“You are the only person I can trust to take care of my Ipi if anyone survives. I have prayed and prayed that you both can be safe inside here. Please do not ask anything of me, nor seek to change my mind. I may have lost my mind in doing this, but I have to try. Anuksa and I had lofty dreams of Ipi being a great scribe or a priest like you, and for her sake I have to try to save him.” Hori could now not control his tears.
Seti nodded quietly.
Hori bent down to his son, and kissed his forehead.
“My dear Ipi, be brave, whatever comes”
Ipi was whimpering, not knowing what to do. Hori pulled him close and placed an amulet in his son’s palm.
“See this is my wedding amulet, your mother’s and mine. I have cut it into half so that we both may have a piece each. This way your mother and I will always be with you, always protecting you.”
Before Ipi could say anything else, Hori quickly gave him his toy crocodile and turned his back to both of them. He stood still for a moment and walked away.
Seti pulled Ipi close to him, holding him tight, saying a prayer for both of them, but mostly for his friend who had walked out to embrace death.
The wind had picked up and Hori could barely stand upright as he exited the tomb. Lighting and thunder flashed and while the sand swirled around him, the sky above was unbearably bright like a blue fire. Hori, shielding his eyes, started heaving the stone door across the tomb when he caught sight of a slight figure huddling up behind it. It was a small black slave girl, scared out of her wits, her big eyes brimming with tears. She clutched Hori’s hands as he picked her up and It took an effort to make her let go and shove her inside the chamber.
“Go little one. Go until you reach the room of rock. You will be safe there.”
It was only when he had succeeded in pushing the door shut that Hori realized the amulet was no longer on his wrist. It must have fallen inside as he struggled with the slave girl.
He sat down, leaning against the tomb door. The blue light grew brighter and soon engulfed him.
1922, The valley of Kings, West bank of the Nile (ancient site of Thebes, modern day Luxor)
Delilah brushed off the sweat which was beading up on her forehead and gently blew upon the stone tablet she was working on. The hieroglyphs’ were almost all visible now.
She stood up and rubbed the back of her neck which was sore from hours of hunching over, and was just about to call it a day when Sir Carnarvon walked into the tent.
“Ms. Delilah, there is something I need you to look at immediately, a new discovery from tomb K61. Please come with me.”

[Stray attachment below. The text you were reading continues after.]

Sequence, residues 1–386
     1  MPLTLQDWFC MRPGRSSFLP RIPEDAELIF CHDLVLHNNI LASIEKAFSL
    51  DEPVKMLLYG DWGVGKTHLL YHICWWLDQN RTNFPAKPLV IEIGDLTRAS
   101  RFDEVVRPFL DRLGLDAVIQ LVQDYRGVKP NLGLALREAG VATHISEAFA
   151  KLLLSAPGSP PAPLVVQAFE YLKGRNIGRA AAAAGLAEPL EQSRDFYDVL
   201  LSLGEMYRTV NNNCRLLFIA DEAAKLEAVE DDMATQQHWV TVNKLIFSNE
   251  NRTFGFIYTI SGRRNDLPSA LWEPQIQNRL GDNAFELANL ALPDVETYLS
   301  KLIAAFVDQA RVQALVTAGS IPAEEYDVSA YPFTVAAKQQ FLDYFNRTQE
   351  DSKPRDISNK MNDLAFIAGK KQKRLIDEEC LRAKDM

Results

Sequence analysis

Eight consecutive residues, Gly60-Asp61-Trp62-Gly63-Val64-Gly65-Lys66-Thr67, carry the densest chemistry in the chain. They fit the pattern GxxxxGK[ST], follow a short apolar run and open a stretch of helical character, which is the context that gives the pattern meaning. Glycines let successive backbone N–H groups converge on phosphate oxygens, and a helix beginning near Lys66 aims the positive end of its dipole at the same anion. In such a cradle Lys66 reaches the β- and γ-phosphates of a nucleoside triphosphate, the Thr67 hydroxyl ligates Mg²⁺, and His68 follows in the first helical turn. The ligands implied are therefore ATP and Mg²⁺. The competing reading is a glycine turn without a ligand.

Delilah hastily pulled on her hat and followed him out. While Howard Carter, the famed discoverer of Tutankhamun’s tomb was technically her employer, Sir Carnarvon was funding the dig in Egypt and when he said follow, you went without a squeak. And being the only woman archeologist on the team, Delilah knew she had to prove her worth every day. She had only been allowed on the dig because of her Egyptian roots but had slowly proven she was a conscientious worker with a keen eye. It also helped that she could hurry along the diggers by swearing in Arabic.
They reached the artifact tent, guarded by two burly Arabs, and went in. Delilah was surprised to see two of the senior archeologists hunched over what happened to be a small ornament. After all the gold in King Tut’s tomb, such small objects were hardly worth such attention.
She moved closer for a better look. It was a fragment of an amulet, tarnished yet unmistakably gold. Delilah accepted the pair of tweezers handed to her and picked up the amulet, pulling the electric lamp closer.
Her breathe caught in her throat. It was impossible.
She looked up at Sir Carnarvon, her mouth hanging open.
“It cannot be, how is this….” She could not speak further.
Sir Carnarvon simply smiled and said, “I knew the moment I met you that you were meant to be on this expedition. It was destiny. Today I have been proven right.”
Delilah looked back at the amulet in a daze. It was ragged, but discernably round in shape. An etching of the sun and moon was barely visible, cut halfway.
She slowly pulled up the sleeve of her stained work shirt. On her wrist, hanging on a black thread was a broken amulet, an amulet which had been in her family for hundreds of years. It was always worn by the first child; her grandmother had told her on the day of her father’s burial. It was to protect their family, she had said.
The amulet on her wrist had an etching of the sun and moon, cut halfway.
Photo By: Quill